Photo by Melody

PlantFiles: Carolina Wild Petunia
Ruellia caroliniensis

Family: Acanthaceae (ah-kanth-AY-see-ee) (Info)
Genus: Ruellia (roo-EL-ee-uh) (Info)
Species: caroliniensis (kair-oh-lin-ee-EN-sis) (Info)

Synonym:Ruellia caroliniana

2 vendors have this plant for sale.

9 members have or want this plant for trade.


6-12 in. (15-30 cm)
12-18 in. (30-45 cm)
18-24 in. (45-60 cm)
24-36 in. (60-90 cm)

6-9 in. (15-22 cm)

USDA Zone 6a: to -23.3 C (-10 F)
USDA Zone 6b: to -20.5 C (-5 F)
USDA Zone 7a: to -17.7 C (0 F)
USDA Zone 7b: to -14.9 C (5 F)
USDA Zone 8a: to -12.2 C (10 F)
USDA Zone 8b: to -9.4 C (15 F)
USDA Zone 9a: to -6.6 C (20 F)
USDA Zone 9b: to -3.8 C (25 F)
USDA Zone 10a: to -1.1 C (30 F)
USDA Zone 10b: to 1.7 C (35 F)

Sun Exposure:
Sun to Partial Shade
Light Shade

Unknown - Tell us

Bloom Color:

Bloom Time:
Late Spring/Early Summer
Mid Summer
Late Summer/Early Fall


Other details:
Drought-tolerant; suitable for xeriscaping

Soil pH requirements:
7.9 to 8.5 (alkaline)

Patent Information:
Unknown - Tell us

Propagation Methods:
From seed; direct sow outdoors in fall
From seed; direct sow after last frost

Seed Collecting:
Bag seedheads to capture ripening seed
Allow seedheads to dry on plants; remove and collect seeds
Properly cleaned, seed can be successfully stored

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By Floridian
Thumbnail #1 of Ruellia caroliniensis by Floridian

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There are a total of 10 photos.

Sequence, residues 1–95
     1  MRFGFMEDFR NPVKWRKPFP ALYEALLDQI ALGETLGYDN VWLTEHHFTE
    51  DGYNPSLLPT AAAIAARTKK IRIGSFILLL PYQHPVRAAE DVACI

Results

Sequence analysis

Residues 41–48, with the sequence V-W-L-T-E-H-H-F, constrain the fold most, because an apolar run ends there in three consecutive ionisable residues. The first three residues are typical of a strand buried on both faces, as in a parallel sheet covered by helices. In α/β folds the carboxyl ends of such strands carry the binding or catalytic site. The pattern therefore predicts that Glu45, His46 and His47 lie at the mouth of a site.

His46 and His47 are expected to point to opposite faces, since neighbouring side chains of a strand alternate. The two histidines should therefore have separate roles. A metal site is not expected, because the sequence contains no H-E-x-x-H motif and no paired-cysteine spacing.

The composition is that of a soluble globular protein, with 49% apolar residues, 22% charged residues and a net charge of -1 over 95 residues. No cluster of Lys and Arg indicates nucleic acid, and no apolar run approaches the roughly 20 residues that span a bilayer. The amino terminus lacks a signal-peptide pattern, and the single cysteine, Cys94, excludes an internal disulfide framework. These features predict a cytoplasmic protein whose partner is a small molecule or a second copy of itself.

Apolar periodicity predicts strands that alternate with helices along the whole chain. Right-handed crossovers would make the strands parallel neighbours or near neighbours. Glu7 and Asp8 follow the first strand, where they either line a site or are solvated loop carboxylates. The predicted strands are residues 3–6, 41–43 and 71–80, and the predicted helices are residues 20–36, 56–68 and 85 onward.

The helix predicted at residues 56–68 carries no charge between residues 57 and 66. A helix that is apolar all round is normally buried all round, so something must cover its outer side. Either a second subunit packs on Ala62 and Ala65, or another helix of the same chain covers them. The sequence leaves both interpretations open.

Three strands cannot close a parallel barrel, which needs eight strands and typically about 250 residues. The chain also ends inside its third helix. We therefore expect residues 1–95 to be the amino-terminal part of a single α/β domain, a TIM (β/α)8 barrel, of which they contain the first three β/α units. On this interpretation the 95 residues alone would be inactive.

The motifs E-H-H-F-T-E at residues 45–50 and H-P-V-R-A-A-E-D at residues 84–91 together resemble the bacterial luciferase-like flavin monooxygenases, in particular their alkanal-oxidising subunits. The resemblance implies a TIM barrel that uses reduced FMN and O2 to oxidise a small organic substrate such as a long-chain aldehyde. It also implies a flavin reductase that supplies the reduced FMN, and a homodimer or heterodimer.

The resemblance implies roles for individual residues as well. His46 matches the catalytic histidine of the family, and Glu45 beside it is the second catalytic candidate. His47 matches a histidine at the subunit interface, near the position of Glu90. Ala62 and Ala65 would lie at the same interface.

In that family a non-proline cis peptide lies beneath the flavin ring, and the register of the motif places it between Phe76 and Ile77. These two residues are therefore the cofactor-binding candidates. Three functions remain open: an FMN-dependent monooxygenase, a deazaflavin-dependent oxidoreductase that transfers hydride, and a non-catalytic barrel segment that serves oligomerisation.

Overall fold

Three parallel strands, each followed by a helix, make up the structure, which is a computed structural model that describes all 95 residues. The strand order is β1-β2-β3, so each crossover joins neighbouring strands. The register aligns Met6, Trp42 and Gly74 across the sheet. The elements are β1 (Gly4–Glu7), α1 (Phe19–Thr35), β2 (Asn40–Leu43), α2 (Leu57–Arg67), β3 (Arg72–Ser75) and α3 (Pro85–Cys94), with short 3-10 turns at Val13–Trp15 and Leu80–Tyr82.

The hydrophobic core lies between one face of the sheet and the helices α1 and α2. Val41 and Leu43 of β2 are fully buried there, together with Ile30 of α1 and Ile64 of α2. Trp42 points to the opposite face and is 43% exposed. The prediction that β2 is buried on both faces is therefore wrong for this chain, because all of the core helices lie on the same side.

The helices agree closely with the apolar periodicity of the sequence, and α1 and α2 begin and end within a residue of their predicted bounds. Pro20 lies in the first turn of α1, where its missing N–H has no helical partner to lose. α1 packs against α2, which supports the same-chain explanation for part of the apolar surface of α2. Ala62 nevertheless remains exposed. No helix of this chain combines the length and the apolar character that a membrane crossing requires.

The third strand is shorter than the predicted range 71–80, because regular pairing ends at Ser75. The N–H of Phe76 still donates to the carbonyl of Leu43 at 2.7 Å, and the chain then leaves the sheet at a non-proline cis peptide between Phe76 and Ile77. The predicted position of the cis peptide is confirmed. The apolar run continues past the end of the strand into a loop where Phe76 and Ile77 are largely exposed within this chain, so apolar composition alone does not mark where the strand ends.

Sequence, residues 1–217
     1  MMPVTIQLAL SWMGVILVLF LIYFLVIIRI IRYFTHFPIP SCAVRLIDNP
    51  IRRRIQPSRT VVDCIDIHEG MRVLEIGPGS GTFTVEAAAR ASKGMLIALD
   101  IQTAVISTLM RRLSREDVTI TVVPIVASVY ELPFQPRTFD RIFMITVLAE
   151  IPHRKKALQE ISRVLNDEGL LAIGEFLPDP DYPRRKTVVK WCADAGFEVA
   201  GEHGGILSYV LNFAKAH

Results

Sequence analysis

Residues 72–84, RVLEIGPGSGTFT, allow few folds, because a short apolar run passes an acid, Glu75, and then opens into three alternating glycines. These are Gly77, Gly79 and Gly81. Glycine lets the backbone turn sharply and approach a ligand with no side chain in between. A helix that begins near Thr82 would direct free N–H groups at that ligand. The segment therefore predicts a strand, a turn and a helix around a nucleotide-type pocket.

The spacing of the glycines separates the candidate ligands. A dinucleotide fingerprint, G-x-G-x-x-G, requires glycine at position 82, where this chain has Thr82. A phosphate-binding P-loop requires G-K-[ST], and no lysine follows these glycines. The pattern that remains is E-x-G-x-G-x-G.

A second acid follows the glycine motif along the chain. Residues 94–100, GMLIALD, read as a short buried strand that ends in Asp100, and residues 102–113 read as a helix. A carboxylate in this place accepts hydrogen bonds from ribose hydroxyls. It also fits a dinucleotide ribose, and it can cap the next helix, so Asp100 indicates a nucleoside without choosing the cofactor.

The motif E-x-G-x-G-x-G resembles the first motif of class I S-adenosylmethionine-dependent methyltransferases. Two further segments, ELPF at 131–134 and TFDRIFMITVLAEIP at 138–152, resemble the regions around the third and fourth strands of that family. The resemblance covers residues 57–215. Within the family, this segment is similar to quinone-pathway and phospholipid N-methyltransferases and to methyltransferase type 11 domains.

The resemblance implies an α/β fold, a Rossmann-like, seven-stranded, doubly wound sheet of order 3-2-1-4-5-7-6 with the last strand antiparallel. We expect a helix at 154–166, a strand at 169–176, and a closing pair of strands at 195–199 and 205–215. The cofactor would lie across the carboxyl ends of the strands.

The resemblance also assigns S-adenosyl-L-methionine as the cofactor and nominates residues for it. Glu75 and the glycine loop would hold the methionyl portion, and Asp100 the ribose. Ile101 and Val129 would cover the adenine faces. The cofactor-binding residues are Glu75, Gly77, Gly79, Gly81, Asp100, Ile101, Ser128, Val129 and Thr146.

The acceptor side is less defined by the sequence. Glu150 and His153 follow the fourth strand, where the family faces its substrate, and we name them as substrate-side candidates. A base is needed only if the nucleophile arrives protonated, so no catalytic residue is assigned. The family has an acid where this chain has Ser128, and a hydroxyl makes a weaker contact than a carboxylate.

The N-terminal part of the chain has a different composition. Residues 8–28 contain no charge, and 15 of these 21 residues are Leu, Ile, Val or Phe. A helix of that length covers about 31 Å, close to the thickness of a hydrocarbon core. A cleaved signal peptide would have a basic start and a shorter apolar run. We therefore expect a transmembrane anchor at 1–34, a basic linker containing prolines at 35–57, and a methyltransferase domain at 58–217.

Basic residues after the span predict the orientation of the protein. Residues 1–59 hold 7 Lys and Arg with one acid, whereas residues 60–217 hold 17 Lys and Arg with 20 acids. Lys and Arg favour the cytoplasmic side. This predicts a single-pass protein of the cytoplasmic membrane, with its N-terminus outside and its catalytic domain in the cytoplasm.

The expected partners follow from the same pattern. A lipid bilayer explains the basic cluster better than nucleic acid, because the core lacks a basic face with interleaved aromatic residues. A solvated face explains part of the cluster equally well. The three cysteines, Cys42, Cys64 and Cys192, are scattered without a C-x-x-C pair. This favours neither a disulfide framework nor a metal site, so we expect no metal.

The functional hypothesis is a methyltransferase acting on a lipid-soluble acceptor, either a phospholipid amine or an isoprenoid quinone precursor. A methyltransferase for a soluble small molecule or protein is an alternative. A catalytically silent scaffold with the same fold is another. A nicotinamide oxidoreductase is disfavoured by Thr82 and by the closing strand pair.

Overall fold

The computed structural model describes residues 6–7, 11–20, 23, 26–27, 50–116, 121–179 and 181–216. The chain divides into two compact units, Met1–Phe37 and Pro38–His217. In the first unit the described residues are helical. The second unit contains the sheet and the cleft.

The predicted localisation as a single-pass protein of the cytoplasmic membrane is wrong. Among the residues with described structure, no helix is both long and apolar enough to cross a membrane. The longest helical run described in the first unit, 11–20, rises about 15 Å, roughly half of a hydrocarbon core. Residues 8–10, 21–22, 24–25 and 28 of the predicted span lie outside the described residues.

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3 positives
No neutrals
1 negative

Gardeners' Notes:

Negative sueroderus On Jun 13, 2011, sueroderus from Bluffton, SC wrote:

I am always looking to add native plants and this one does have a lovely lavender flower. It would be great in a wildflower garden, but not having that, I have found the plant to seed too freely in my zone 8b garden. Even the very young seedlings are very difficult to pull out and I am still finding them 3 years after taking out the original plant.

Positive DaveBerk On Mar 28, 2004, DaveBerk from Houston, TX wrote:

This is one of my favorite plants for southeast Texas gardens. First: There are two types : one grows to about a foot and then branches & makes flowers - not desirable; and the other begins branching from the first node out of the ground so it ends up looking like a little Christmas tree with flowers. A friend and I planted one in her front yard and it spread, but not obnoxiously. Now it grows from full Texas sun to dappled shade and blooms beautifully in all situations. It's lavender flowers provide a sort of unifying theme to the garden. We love it.

Positive ButterflyGardnr On Jan 9, 2003, ButterflyGardnr from Orlando, FL (Zone 9b) wrote:

This is a wonderful little native plant that is useful as a border plant. It will reseed itself everywhere and is very drought tolerant. It will withstand mowing in the yard if you allow it to naturalize in the lawn. It blooms from early spring through late summer and into early fall in central Florida. The flowers usually last only one day and are easily blown off by strong winds, but the flowers are abundant.

Positive JoanneAW On Jul 5, 2002, JoanneAW wrote:

A ground cover for shaded areas.

Grows well in containers in bright shade. Needs to be brought indoors during the winter months and placed in a window with bright light. Does not need to be kept moist.


This plant has been said to grow in the following regions:

Birmingham, Alabama
Bartow, Florida
Deland, Florida
Hollywood, Florida
Jacksonville, Florida
New Port Richey, Florida
Oviedo, Florida
Pompano Beach, Florida
Sarasota, Florida
Taylorsville, Kentucky
Raleigh, North Carolina
Selma, North Carolina
Conway, South Carolina
Okatie, South Carolina
Pickens, South Carolina
Seabrook, South Carolina
Bedford, Texas
Houston, Texas
Shepherd, Texas

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